Island Line Trail

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Island Line Trail
Island Line Trail.jpeg
Facing north on the Island Line Trail.
Length14 miles (23 km)
LocationVermont
UseCycling
Hiking details
Websitewww.islandlinetrail.org

The Island Line Trail is a 14-mile (23 km) rail trail located in northwest Vermont. It comprises the Burlington Bike Path (Burlington), Colchester Park (Colchester) and the Allen Point Access Area (South Hero). The trail follows the route of the Island Line railroad, built by the Rutland Railroad in 1901. The history of the Rutland Railroad is covered in Robert C. Jones "Railroads of Vermont, Volume 2" (ISBN 9781881535027), and in James Shaughnessy's "The Rutland Railroad", Howell North Books 1964.

Passenger service on the Rutland's Island Line (and on the entire Rutland RR system) ended after a strike by employees in late June 1953. A second set of strikes in 1960 and 1961 brought about the complete closure of the Rutland Railroad. The final trains ran on September 25, 1961. In 1963 the state of Vermont purchased the abandoned, but not torn-up, Rutland Railroad lines from Burlington to Rutland, Bennington, Hoosic Junction and Bellows Falls, leasing them to the Vermont Railway and the Green Mountain Railway to resume freight service, but the state chose not acquire and reopen the Island Line.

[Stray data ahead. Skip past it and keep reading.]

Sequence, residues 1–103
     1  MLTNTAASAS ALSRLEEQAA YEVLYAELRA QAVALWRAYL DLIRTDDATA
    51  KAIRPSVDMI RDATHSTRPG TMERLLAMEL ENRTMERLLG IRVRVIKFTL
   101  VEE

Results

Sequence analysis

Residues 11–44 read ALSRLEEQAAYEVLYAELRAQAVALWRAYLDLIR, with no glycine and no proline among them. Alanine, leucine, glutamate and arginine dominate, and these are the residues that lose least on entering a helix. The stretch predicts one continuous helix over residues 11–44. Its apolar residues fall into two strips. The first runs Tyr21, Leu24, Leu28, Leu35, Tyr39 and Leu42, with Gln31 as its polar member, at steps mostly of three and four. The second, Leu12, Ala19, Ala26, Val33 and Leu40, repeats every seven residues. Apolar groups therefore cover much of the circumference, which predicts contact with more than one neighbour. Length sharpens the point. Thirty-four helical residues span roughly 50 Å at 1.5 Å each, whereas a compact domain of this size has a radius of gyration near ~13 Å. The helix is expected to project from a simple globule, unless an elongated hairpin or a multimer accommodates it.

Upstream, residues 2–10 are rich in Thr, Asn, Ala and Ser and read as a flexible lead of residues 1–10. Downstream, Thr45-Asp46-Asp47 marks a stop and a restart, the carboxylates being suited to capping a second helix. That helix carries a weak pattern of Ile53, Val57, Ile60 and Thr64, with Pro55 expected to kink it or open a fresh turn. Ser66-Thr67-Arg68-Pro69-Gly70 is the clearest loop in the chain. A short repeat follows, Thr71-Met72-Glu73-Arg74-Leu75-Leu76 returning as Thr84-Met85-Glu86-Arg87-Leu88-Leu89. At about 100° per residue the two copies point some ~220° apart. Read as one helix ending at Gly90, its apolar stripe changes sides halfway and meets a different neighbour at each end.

There was little on-line traffic left on that portion of the route and freight for Canada could be routed from Burlington north to Montreal over the somewhat longer Central Vermont Railway through St. Albans, Vermont. After several years of inactivity, restoring service on the Island Line would have required extensive rebuilding, and renovations of the three swing bridges on the line, over various bays of Lake Champlain. Ultimately all of the bridges on the route were removed, but the roadbed on the causeway across the lake survived, as it was heavily built with much use of granite. The alignment along the shores of Lake Champlain from Burlington Union Station north to the causeway was converted to form the Burlington Bike Path, and later took the Island Line name when the causeway was reopened, with a seasonal bike-ferry replacing the swing bridge in the northern portion of the causeway alignment. Due to a 200-foot (61 m) gap in the causeway, the organization Local Motion operates the Island Line Bike Ferry to shuttle cyclists across the gap.[1][2][3][4][5][6][7][8]

References[edit]

  1. ^ "Bike Ferry". localmotion.org. Retrieved February 19, 2014.
  2. ^ "Friends of the Island Line Trail". islandlinetrail.org. Retrieved 25 March 2014.
  3. ^ "Island Line Trail Trail Info Explore the Trail!". localmotion.org. Retrieved 25 March 2014.
  4. ^ "Island Line Trail (Bikeway/Walkway)". findandgoseek.net. Retrieved 25 March 2014.
  5. ^ "Trail of the Month: December 2010 Vermont's Island Line". railstotrails.org. Retrieved 25 March 2014.
  6. ^ "Burlington Waterfront and Bikeway (Island Line Trail)". blazetravelguides.org. Retrieved 25 March 2014.
  7. ^ 1934-, Jones, Robert C., (1993). Railroads of Vermont (1st ed.). Shelburne, Vt.: New England Press. ISBN 9781881535027. OCLC 27810737.

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